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  #1   IP: 174.29.247.41
Old June 6th, 2011, 01:17 PM
mentor mentor is offline
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Default No dial tone, but internet still works.

Hi, I'm a novice at phone wiring, but am okay with DIY projects (I did the wiring while finishing my basement).

Recently, I've not been able to get a dial tone from any of the 5 jacks in my house. My modem box plugs into one jack and is still functioning to provide internet access. A phone plugged into this same jack does not give a dial tone.

I have purchased a new phone that works to give a dial tone at a neighbor's house, but no dial tone at any jack in my house. If I plug a phone into the jack in the box outside of the house, I get a dial tone. There is a second jack in the outside box that does not give a dial tone when I plug the phone in.

The phone company says the problem is with the wiring in my house, not on their end. Can anyone diagnose the problem and provide a solution?

thanks,
Paul
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  #2   IP: 74.5.149.208
Old June 6th, 2011, 03:35 PM
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What kind of internet do you have? dsl(adsl), isdn, dial up, ect? It makes a difference.

It sounds like you have 2 phone lines coming into your house. One is dedicated to voice (the one you are having trouble with) and one dedicated to your internet.. sounds like dsl but we need to know for sure.

First you need to determine which of the 2 jacks in your demarc/network interface box is your voice and which is your internet. You may not get a dial tone with some internet types like dsl if there is no voice line with it. Other times you have a dial tone but its only good to call 911 and the phone company.

If you unplug the jack which has no dial tone does your internet stop working? If so then plugging your phone into the modem jack will not give you a dial tone. That would be normal. If you have a dedicated dialup line you should have a dial tone there and it should work like a voice line.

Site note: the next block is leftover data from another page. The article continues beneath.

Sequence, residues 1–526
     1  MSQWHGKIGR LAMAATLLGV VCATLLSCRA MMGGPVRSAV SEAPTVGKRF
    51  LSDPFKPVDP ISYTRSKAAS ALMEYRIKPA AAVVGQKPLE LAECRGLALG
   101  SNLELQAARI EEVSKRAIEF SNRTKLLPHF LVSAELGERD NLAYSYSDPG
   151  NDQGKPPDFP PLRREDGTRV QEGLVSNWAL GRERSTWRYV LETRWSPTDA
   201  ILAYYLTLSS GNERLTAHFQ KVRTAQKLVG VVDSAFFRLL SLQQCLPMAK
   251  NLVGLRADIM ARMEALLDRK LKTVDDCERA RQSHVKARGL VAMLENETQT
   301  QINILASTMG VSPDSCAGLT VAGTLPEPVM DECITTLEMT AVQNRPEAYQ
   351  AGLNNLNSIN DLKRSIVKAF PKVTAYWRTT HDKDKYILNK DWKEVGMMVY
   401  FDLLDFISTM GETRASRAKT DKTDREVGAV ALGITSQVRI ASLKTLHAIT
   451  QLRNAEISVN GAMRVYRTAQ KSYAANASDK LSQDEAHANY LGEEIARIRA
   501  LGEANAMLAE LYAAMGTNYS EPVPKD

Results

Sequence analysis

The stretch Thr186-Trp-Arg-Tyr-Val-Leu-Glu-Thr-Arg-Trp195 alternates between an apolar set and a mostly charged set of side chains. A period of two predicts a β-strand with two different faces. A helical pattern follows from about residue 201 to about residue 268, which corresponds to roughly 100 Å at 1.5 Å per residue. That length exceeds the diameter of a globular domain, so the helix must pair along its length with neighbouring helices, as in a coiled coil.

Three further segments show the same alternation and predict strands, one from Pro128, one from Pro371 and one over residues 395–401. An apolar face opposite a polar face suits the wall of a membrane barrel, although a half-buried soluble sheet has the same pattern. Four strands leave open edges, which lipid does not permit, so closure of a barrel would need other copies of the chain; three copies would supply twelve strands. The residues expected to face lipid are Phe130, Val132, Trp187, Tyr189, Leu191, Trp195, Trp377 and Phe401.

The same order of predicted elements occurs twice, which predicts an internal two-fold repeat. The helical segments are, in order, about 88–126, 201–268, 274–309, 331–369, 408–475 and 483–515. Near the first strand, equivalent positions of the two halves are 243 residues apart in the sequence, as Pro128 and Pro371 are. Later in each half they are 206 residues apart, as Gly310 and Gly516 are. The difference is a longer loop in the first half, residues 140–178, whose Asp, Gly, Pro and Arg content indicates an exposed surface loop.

If the jack that goes to your internet is the one with the dial tone then you need to notify the phone company that you have no dial tone at your network interface with the voice line.

If the jack that has the dial tone is your voice line then your phone line coming in is good and you should be able to make a call to your cell phone from the test jack and your cell should ring (with the correct phone number).. You should also be able to call your test phone from your cell. If this is the case then you do have a inside problem. Start at the network iterface connection. Check the 2 wires there and make sure the connections are good. Then trace the wires coming off and check the jack where they go. Chances are the wires go into your attic basement or crawl and split off in multiple directions.. Check that (you can get a phone jack and wire it in to test there. just watch your polarity.. (red to red, green to green or whatever color scheme your wires use)).. Once you get a dial tone at 1 jack you can trace to the others.
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  #3   IP: 174.29.247.239
Old June 7th, 2011, 09:25 AM
mentor mentor is offline
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Thanks very much, I really appreciate you taking the time to help a novice such as myself.

> It sounds like you have 2 phone lines coming into your house. One is
> dedicated to voice (the one you are having trouble with) and one
> dedicated to your internet.. sounds like dsl but we need to know for sure.

The phone line running into my house consists of a blue casing with eight different wires inside, similar to this; http://www.homecontrols.com/homecont..._full_2337.jpg

One of the jacks in the outside box has blue wires (the phone company side) that connect to blue wires (my side) and the other jack has blue wires (the phone company side) that connect to orange wires (my side). Letís call the blue-to-blue jack A and blue-to-orange jack B. Jack A has a dial tone, jack B does not.

> If you unplug the jack which has no dial tone does your internet stop
> working? If so then plugging your phone into the modem jack will not give
> you a dial tone. That would be normal. If you have a dedicated dialup line
> you should have a dial tone there and it should work like a voice line.

If I unplug jack A (has dial tone), I lose internet service. If I unplug jack B (no dial tone), internet service remains. It turns out my DSL box has a jack for a phone. If a plug my phone into the DSL jack, I do not get a dial tone.

> If the jack that goes to your internet is the one with the dial tone then you
> need to notify the phone company that you have no dial tone at your
> network interface with the voice line.

Sounds like this is the case. Can you explain what this means in a bit more detail? What would be their solution? Press a reset button or flip a switch somewhere?

> If the jack that has the dial tone is your voice line then your phone line
> coming in is good and you should be able to make a call to your cell phone